Enterprise networks are complex affairs , there is a mix of locations – branch offices, campus, remote workers, and they connect using LAN and WAN connections. There may be many devices on the physical layer including routers, switches, firewalls, wireless LAN controllers , Load balancers etc. There are multiple connections that exist at the logical layer as well such as VPNs, routing protocols , access lists, firewall rules etc.
Enterprises use a lot of hardware appliances such as new firewalls, new routers and WLC appliances. If you need to start a new service in enterprise networks, network administrators wish to have a solution where on a single click we can set up a new firewall or a WLC virtual appliance.
About Cisco SD Access Fabric
Today we look at Cisco SD Access which automates user and device policy for any application across the wireless and wired network via a single network fabric like SDN/cloud solutions work.
Components of Cisco SD Access
There are five main components of SD Access:
- DNA Center Appliance
- Identity Services Engine (ISE)
- Network Data Platform (NDP)
- DNA Center Dashboard
Fabric has all hardware components such as routers, switches, wireless LAN controllers, access points etc. These devices run IOS and IOS XE. SD Access uses an underlay for traffic forwarding traffic ; and provides a transport mechanism. Overlay network will be used for different sets of services as the overlay network is flexible and programmable. Fabric comprises of three key components namely LISP , VXLAN and CTS :
Control plane based on Locator Identity Separator Protocol (LISP)
It simplifies routing by removing destination details from the routing table and moving it to a centralized mapping system like DNS . The query is sent to a central LISP mapping system and asks for where the destination address is. LISP is used on data plane, but it can only tunnel L3 traffic. SD Access uses a modified version of VXLAN on the data plane and it supports L2 encapsulation.
On the policy plane Cisco TrustSec, Scalable Group Tags (SGT), and the SGT Exchange Protocol (SXP) are used. Similar network policy requirements of a shared group are added to endpoints who need it and SGT is added to the group. SGT is a tag that is separate from network address and network policies (QoS, PBR etc) can be attached to it.
DNA Center Appliance
It is Cisco’s SDN controller for organization networks and supports IOS/IOS XE devices.
DNA Center Dashboard
It provides overview of network health and drill down menus to quickly identify for quick identification and remediation of issues. It allows quick creation of physical maps and logical views of enterprise networks.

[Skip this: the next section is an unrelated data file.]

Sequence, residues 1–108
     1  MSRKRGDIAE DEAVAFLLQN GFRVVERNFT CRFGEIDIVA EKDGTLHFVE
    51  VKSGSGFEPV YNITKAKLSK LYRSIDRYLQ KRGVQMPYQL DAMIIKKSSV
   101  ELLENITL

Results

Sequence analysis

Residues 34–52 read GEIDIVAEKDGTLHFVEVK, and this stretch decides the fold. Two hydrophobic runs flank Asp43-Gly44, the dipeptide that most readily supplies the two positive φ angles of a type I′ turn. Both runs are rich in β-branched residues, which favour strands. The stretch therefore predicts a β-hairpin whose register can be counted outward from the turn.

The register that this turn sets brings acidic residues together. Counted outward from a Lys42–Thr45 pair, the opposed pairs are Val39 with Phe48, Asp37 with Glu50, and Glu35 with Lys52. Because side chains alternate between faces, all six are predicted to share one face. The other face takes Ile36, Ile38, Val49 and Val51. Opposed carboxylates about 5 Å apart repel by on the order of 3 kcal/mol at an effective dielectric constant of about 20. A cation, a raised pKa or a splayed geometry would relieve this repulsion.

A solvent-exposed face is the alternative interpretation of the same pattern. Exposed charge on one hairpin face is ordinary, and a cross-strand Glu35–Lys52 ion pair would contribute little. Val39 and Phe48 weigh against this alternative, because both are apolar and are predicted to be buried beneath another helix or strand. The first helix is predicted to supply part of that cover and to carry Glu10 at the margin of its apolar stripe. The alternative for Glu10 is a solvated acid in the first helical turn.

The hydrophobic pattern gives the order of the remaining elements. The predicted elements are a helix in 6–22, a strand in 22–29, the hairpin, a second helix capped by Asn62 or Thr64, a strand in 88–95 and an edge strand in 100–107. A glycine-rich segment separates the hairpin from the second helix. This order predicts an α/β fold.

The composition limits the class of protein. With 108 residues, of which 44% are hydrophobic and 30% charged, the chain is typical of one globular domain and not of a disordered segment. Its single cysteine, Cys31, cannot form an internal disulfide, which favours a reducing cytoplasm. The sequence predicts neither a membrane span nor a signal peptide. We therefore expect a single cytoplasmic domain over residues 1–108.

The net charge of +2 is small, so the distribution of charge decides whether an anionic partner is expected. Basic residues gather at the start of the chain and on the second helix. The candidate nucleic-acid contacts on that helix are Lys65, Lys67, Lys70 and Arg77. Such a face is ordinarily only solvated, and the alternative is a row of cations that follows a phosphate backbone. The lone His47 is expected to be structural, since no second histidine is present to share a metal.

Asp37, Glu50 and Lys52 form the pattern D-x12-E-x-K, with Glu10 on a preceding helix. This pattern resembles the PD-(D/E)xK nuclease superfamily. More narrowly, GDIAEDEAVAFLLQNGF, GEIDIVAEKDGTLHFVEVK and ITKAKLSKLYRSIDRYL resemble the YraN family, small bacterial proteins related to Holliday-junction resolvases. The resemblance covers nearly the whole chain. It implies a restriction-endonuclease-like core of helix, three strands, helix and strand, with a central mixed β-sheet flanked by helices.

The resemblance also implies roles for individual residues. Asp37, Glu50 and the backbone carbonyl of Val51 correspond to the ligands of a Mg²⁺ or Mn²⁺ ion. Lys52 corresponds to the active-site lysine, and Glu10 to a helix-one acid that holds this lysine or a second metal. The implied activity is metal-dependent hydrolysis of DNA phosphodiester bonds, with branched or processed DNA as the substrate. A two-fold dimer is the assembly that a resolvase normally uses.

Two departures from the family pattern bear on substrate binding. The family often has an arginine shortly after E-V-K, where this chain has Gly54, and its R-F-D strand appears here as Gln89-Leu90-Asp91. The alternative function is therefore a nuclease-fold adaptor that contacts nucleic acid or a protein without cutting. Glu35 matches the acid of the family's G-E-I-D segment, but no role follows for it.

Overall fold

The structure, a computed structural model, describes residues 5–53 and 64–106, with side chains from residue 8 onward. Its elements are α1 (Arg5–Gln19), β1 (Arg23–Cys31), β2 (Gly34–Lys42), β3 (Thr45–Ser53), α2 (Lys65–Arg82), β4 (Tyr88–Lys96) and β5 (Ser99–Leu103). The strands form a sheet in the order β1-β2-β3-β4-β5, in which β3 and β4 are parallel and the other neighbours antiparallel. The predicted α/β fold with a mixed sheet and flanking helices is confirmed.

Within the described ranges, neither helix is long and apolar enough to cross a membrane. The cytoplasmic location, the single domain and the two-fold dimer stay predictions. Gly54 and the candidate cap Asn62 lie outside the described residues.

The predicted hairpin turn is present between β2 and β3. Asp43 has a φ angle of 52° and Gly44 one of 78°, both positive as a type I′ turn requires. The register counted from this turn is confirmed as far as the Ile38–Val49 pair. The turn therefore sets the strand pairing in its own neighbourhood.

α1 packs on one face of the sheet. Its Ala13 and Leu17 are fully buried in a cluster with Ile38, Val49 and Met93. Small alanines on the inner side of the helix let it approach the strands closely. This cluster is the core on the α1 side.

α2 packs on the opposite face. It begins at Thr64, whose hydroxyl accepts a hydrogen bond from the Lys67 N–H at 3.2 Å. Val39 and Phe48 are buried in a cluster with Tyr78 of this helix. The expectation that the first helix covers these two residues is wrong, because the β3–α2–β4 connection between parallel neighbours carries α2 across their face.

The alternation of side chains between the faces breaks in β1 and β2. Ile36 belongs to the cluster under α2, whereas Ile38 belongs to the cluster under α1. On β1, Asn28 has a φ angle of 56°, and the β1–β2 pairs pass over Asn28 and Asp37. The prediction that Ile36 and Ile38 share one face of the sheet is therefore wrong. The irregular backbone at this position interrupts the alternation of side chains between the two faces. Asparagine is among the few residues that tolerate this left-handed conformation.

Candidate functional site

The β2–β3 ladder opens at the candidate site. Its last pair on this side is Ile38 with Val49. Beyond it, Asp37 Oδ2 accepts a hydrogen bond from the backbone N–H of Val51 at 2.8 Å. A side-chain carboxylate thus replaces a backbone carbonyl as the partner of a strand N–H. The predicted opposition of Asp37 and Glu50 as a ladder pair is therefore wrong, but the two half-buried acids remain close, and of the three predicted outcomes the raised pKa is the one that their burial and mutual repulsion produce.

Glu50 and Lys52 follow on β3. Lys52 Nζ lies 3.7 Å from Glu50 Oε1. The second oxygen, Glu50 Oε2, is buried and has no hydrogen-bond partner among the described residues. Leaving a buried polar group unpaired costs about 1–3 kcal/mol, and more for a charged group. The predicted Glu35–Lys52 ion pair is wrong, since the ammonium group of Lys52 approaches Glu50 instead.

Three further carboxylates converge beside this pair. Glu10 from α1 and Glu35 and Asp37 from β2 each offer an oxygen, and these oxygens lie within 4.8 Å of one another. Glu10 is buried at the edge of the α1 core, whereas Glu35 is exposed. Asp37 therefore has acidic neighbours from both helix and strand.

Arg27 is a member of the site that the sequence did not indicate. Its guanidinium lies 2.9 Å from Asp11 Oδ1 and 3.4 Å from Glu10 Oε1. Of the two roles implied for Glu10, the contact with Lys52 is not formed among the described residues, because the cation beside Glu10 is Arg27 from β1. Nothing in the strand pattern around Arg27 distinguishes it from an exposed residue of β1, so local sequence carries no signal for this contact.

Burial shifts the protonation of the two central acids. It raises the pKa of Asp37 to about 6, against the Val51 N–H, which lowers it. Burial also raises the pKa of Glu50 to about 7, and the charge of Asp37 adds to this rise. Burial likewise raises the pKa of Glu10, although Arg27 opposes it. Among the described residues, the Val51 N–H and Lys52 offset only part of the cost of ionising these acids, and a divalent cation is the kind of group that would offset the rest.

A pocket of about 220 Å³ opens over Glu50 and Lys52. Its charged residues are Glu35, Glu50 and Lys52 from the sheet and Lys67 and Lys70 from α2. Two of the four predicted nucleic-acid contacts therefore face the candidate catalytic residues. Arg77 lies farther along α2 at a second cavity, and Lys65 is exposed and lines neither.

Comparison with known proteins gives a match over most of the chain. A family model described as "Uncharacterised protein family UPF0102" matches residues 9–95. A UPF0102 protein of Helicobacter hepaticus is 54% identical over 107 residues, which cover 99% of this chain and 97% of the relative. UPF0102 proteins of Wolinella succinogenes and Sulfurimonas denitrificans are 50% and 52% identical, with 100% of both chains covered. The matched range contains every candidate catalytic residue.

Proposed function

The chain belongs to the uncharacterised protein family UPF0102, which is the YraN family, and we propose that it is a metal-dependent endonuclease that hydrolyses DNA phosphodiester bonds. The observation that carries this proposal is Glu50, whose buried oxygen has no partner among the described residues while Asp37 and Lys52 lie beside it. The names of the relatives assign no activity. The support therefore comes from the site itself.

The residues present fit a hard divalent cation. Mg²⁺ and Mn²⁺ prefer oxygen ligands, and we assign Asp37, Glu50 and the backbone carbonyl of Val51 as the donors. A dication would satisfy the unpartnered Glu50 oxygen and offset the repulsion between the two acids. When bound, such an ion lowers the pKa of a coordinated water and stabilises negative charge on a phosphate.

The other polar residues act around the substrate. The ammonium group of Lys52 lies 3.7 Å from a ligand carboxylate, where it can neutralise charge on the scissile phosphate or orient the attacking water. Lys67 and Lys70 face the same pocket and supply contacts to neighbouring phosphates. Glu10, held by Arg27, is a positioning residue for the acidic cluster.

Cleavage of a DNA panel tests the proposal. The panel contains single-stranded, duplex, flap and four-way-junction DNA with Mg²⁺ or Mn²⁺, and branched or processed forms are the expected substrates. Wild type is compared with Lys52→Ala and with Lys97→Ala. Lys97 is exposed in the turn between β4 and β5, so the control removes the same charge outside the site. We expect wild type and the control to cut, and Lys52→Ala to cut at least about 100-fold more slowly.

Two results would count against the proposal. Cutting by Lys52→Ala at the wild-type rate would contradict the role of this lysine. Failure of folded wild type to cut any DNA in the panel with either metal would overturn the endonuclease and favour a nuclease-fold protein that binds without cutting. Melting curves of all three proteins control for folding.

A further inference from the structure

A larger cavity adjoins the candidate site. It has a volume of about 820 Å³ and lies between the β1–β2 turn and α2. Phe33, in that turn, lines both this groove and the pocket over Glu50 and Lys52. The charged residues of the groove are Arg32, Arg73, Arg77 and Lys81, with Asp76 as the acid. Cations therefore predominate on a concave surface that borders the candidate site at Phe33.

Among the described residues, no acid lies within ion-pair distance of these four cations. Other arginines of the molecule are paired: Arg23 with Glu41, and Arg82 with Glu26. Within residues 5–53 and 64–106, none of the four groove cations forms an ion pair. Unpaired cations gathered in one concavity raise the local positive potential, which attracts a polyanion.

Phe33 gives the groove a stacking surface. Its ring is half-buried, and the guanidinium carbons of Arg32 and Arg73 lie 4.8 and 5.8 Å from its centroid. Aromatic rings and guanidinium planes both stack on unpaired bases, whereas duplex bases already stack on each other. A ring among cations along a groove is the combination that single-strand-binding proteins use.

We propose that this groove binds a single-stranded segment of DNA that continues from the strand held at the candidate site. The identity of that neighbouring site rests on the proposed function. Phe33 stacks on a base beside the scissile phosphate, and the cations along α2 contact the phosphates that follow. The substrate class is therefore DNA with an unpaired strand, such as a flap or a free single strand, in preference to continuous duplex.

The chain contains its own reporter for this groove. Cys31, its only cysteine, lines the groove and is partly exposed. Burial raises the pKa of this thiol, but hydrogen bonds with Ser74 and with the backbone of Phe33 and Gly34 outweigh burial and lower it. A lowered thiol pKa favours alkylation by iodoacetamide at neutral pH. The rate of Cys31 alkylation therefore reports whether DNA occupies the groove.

Identity Services Engine (ISE)
DNA Center and ISE dynamically map users and devices to scalable group tags or security group tags. Scalable groups resolve the shortcomings and all traffic is tagged based on automatic profiling of the user by access switch. The access switch determines the user id, device, location, time of access, and other data points. Tag is a numeric value which the administrator assigns manually to access switches and ISE automatically administers and transmits information to each supported device , exchanges certificates, and provision user access policies.
Network Data Platform (NDP)
Multipurpose , real time, network data collection and analytics engine used to do business analysis to explore business potential of network data.
Cisco SD Access Fabric features
- Designing network, applying policies, provision of network segments and users’ groups in fraction of time
- Enhanced security with separate users, lines of business, devices, and application traffic without redesigning of network
- Set policies for both wired and wireless networks with ease and flexibility
- Provides analytics and telemetry information to monitor and improve network
- Facilitates distributed networks and secure remote workforce with zero trust policies and dynamic segmentation of network based on business requirements
- Policy driven provisioning, remediation guidance and reduce time spent on managing network operations
- Building standard based network fabric which converts a high-level business policy into network configuration
ABOUT THE AUTHOR
I am here to share my knowledge and experience in the field of networking with the goal being – “The more you share, the more you learn.”
I am a biotechnologist by qualification and a Network Enthusiast by interest. I developed interest in networking being in the company of a passionate Network Professional, my husband.
I am a strong believer of the fact that “learning is a constant process of discovering yourself.”
– Rashmi Bhardwaj (Author/Editor)